1987 Topps Bo Jackson

Of all the sets issued during the card boom of the 1980s, I'm fairly certain that this 1987 offering from Topps left the largest impression on young collectors. In a sea of homogeneous-looking sets, these cards were obviously distinguished by their wood borders, which I've heard more than one lapsed, 30-year-old collector compare in reverie to the cheesy wood trim in his parents' basement or the faux-wood paneling on a circa-1982 station wagon. In fact, the design was something of an homage to Topps' similar-looking "woody" set from 1962. Along with their distinctive look, the '87 cards included some mind-blowing fun facts that came courtesy of Topps researchers (e.g., Dodger Len Matuszek: "Len's hobbies include audio & video recording.") On a side note, any grown man who unearths his baseball card binders from 1987 will be surprised and perhaps saddened to see that the most sought-after cards from that year now feature some of the game's most disgraced players: Barry Bonds, Mark McGwire, Jose Canseco, and Rafael Palmeiro.


1989 Upper Deck Ken Griffey Jr.

Before they even sold a single pack of cards, the guys behind upstart Upper Deck had a cocky expression for the slick cards that would make them rich: "cardboard gold." The company was designing cards explicitly for investment-minded collectors, jazzing up their pricey packs with glossy-stock cardboard and counterfeit-proof holograms. But of all the smart moves they made, the shrewdest may have been to put a completely unproven rookie in the No. 1 slot of their inaugural set: Ken Griffey Jr., who was being billed as a once-in-a-decade kind of prospect. Upper Deck's artists couldn't even get their hands on a photograph of Junior in Mariners getup, so they had to edit a photo of the 19-year-old in a San Bernardino Spirit uniform. In the end, the Griffey gamble paid off as well for Upper Deck as it did for Seattle. During the '89 season, kids and adults alike pursued the Upper Deck Junior as if it held the key to their financial independence. Within a couple of years, Upper Deck would turn baseball cards into a billion-dollar industry.


1989 Fleer Bill Ripken error

Undoubtedly the naughtiest card ever pulled from a wax pack, the infamous Fleer Billy Ripken error card sent shockwaves through America's elementary schools in the spring of '89. Not only were kids blown away by the "FUCK FACE" scribbled in black marker on the knob of the bat, most of them were equally stunned to learn that Cal Ripken Jr. had a little brother. At the time, many people suspected Billy Ripken himself was responsible for the profanity: He was a known clubhouse prankster and had in fact taken a cream pie to the face during an on-air interview two seasons earlier. Ripken kept mum on the matter until two decades later, when he told CNBC's Darren Rovell in a rather incredible interview that he'd written "FUCK FACE" on his bat in order to distinguish it from the rest of the batting-practice lumber. At Fleer headquarters back in '89, the snafu was no laughing matter. The company had been kept in a Quaker family for generations, and the Ripken embarrassment may have expedited Fleer's sale to Marvel Entertainment in 1989. "‘Mortified' wasn't the word," Ted Taylor, a former Fleer executive, told me. "They fired people. They just went crazy. The attitude was, You destroyed our good name."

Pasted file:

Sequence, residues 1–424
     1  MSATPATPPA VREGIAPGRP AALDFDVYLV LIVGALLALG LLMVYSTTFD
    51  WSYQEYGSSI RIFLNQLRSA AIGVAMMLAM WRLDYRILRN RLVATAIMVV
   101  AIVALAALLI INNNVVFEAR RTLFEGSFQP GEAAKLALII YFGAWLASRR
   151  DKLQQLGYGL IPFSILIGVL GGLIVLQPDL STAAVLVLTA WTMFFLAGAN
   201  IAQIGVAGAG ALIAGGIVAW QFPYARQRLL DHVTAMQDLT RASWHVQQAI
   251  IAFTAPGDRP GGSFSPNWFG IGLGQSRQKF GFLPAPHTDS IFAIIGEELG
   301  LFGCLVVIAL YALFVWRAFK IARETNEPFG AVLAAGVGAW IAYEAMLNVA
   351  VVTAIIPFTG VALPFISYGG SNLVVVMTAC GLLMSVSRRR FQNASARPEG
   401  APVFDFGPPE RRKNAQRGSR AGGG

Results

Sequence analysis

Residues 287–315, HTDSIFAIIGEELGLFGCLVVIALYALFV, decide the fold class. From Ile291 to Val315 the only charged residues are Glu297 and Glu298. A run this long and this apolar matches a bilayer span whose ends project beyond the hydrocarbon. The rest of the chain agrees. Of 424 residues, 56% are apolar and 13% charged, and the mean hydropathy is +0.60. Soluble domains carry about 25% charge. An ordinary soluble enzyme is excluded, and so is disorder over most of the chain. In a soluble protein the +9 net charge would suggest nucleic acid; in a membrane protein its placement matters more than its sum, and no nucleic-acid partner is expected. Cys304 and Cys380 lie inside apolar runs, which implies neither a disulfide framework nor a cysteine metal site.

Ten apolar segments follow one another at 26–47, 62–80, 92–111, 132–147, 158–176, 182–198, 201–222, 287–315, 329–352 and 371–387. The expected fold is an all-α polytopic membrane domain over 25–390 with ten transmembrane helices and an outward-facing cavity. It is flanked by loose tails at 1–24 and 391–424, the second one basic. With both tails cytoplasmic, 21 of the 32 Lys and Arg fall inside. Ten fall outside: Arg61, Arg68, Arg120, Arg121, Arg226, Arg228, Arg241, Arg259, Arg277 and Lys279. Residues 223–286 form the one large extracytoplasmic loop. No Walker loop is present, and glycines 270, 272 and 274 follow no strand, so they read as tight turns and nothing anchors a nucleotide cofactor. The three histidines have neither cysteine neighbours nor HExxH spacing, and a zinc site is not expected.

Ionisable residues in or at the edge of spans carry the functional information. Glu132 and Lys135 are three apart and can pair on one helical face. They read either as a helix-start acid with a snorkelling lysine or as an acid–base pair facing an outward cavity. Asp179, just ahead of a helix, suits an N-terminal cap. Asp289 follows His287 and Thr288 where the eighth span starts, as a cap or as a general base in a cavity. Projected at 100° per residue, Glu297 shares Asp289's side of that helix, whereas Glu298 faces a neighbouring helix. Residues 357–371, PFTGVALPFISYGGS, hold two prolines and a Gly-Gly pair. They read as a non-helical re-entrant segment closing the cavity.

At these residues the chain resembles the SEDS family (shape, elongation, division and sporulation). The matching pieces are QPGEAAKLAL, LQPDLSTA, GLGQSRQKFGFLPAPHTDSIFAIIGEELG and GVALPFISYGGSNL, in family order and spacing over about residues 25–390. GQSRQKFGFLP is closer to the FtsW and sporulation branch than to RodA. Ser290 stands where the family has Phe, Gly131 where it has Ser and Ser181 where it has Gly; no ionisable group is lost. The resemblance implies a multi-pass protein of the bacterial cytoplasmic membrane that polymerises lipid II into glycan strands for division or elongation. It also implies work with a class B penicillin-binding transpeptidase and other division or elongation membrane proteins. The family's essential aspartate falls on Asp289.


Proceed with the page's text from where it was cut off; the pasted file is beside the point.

2009 Upper Deck Cole Hamels

The speculation on cards like the Ripken error created a massive bubble in the baseball card market in the late '80s and early '90s. When it finally burst around the time of the '94 baseball strike, kids fled for video games and Pokémon and never quite returned. In recent years, the card companies have been catering to adult collectors with elaborate, high-priced specimens, like this 2009 Cole Hamels card from Upper Deck, which includes the Philadelphia pitcher's autograph and an actual piece of his uniform. Hoping to steer the hobby away from such expensive gimmicks, Major League Baseball announced last year that Topps, now led by Michael Eisner of Disney fame, would once again be the sport's exclusive card maker, just as it had been during the doldrums of the 1960s and '70s. But this time around, collectors shouldn't worry about Topps getting too lazy. The company can't afford to. Industry-wide sales of new cards are now about one-seventh of what they were at the hobby's peak in 1991.